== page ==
You Are What You Read

Reviews of books as I read them. This is basically a (web)log of books I've read.

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Location: Lawrenceville, Georgia, United States

I am a DBA/database analyst by day, full time father on evenings and weekends.

Monday, November 21, 2011


Michael Lewis's latest book is called Boomerang: Travels in the New Third World. Here he discusses his travels to Europe to understand the aftermath of the financial meltdowns in several countries. Each country had a different path to downfall and thus provides a different window into modern financial pitfalls.

He starts with Iceland, the scene of a spectacular economic collapse in 2008. Iceland's three largest banks had accrued debts larger than the entire GDP of the country. When they needed more capital to keep running, even Iceland's Central Bank could not find enough money to keep them afloat. The end result was a huge crash in the value of the krona. The three banks went into receivorship. May foreigners had deposits on the banks that are still being worked out. Lewis looks at the transformation of a society based on fishing to one based on international finance.

Next is Greece, which has a completely different financial difficulty. After joining the EU, it was discovered that the Greek government had a much larger deficit than was known before, something like three times larger. Lewis finds fault in the culture of Greece, where the public workers do little work for high pay and benefits, including lavish pensions. Moreover, tax compliance is so bad that most people get out of paying their tax bill, even wealthy doctors manage to get paid in cash and avoid taxes. Lewis does a great job describing the culture, especially the Greek's relationship to each other and their government.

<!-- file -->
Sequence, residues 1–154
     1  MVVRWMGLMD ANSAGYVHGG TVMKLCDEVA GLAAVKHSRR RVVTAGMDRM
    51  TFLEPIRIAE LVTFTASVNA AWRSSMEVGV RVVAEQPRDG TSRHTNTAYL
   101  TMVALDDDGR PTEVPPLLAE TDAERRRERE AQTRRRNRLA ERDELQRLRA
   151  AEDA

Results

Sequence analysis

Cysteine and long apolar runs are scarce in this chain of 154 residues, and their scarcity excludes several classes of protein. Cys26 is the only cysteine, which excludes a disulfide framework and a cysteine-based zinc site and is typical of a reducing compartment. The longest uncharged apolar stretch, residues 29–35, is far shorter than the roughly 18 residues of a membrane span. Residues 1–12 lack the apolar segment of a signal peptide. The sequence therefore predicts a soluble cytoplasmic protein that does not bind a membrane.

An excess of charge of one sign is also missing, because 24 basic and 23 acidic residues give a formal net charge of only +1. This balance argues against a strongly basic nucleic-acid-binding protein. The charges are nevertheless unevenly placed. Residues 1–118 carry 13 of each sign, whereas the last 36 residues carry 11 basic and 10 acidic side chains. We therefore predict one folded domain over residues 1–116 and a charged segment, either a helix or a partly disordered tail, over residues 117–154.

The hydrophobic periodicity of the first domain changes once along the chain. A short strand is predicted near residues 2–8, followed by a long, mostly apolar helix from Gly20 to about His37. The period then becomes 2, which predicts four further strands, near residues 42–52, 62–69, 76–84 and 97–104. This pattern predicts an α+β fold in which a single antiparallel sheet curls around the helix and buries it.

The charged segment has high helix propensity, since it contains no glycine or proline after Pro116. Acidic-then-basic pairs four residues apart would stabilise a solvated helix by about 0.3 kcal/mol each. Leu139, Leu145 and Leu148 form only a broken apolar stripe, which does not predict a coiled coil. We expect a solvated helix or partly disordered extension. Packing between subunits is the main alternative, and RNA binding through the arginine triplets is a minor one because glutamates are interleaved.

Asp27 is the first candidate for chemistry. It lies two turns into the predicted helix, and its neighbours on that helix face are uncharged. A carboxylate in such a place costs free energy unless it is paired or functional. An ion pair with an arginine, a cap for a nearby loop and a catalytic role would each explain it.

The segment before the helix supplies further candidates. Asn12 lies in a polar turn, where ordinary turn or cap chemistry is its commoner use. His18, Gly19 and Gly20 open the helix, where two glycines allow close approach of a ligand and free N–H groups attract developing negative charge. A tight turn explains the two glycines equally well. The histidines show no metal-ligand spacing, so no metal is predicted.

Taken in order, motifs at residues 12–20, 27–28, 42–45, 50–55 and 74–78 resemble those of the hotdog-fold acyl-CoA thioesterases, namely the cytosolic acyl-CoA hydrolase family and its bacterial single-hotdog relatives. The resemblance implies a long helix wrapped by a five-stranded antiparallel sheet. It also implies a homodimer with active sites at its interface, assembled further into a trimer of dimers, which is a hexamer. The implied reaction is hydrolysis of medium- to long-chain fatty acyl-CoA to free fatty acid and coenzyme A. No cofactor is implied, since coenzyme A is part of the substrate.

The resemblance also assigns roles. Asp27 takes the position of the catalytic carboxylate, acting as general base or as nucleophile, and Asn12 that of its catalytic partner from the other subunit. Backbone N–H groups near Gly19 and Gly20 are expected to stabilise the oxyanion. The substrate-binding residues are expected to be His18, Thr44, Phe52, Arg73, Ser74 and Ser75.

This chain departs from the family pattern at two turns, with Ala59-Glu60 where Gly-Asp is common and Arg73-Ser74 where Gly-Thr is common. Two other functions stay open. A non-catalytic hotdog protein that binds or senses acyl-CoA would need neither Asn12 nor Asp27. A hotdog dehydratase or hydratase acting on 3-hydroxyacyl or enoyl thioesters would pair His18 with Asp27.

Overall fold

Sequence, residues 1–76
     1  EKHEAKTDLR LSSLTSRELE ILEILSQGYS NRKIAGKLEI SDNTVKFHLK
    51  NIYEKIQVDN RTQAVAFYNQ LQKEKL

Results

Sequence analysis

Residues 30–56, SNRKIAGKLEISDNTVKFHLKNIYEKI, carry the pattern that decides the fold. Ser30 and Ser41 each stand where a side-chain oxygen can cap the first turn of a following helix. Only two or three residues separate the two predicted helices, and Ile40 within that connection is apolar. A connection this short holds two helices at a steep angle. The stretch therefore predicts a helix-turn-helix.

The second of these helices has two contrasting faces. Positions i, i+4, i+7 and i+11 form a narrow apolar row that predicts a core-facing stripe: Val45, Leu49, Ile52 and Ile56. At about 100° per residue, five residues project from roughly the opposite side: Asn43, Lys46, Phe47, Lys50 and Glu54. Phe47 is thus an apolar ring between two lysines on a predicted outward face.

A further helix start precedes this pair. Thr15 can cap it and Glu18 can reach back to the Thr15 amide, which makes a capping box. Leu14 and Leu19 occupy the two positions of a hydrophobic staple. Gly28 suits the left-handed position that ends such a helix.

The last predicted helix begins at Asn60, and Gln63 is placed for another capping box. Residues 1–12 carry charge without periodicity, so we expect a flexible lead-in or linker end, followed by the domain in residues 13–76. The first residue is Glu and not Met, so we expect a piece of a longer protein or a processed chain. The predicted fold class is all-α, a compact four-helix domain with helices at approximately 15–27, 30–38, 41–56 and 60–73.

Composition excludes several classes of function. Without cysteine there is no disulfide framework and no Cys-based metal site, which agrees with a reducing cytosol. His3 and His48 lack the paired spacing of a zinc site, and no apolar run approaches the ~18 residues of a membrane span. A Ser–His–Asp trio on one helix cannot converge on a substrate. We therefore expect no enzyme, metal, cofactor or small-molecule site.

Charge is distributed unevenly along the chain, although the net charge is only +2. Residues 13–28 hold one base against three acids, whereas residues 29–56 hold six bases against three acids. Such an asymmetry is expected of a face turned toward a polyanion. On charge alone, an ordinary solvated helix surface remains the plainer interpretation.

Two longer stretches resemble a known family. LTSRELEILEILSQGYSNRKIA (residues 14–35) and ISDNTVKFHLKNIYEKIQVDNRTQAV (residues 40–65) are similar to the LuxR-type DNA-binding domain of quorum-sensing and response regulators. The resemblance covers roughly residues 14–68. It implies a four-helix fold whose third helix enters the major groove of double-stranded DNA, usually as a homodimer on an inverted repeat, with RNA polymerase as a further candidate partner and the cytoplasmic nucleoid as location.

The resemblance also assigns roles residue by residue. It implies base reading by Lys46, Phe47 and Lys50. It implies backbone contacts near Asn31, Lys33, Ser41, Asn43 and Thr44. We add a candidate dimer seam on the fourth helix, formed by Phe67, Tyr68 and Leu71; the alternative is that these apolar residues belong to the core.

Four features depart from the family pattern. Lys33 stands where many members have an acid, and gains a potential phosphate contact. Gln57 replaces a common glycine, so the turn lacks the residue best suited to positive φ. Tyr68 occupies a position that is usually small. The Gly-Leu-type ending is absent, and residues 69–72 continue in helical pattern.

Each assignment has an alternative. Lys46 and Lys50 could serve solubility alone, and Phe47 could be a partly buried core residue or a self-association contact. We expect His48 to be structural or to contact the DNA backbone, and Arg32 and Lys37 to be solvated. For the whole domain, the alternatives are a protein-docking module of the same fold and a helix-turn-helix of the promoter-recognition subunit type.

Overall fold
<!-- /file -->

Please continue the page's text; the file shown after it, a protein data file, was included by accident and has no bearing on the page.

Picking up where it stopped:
Ireland provided yet another type of collapse. Driven by demand for labor, Irish citizens and foreign workers flooded to the country leading to a real estate bubble. Funds were flowing in from the rest of Europe. According to Lewis, "By 2007, Irish banks were lending 40 percent more to property developers than they had to the entire Irish population seven years earlier." The typical part of the cycle happened when real estate values peaked, the banks finally slowed lending, and a credit crunch occurred. The ensuing run on deposits forced the governmnet to gaurantee all bank obligations, essentially putting the Irish taxpayer on the hook. Lewis describes the attempts of a economics professor named Morgan Kelly to get the powers that be to look at the dangers the economy was in in 2007. Obviously, nobody wanted to listen until it was too late. Confidence in the economy was entwined with patriotism, so to question the economic future was to show uncertain faith in one's country.

Lewis also examines Germany, the source of many of the funding for the bank failures and the possible salvation of the Greeks. He then turns his attention to the United States, and in particular California, which has a political system that has led to higher debt and worse credit ratings. He points out that the system in California, where politicians are constantly fighting, is actually good at giving voters what they want: social programs without having to pay for them. He examines the cities of San Jose and Vallejo. Vallejo is a warning sign to all municipalities; it went into bankruptcy and now has a bare bones government.

I found all of the segments illuminating, and none more so that the segment on the U.S. The themes of optimism and false hope are constant through all the world economies. The book shows the many pitfalls in running a large modern economy. Lewis provides detailed statistics and commentary on the culture to give a full picture of each collapse. It is educational as well as entertaining. A-

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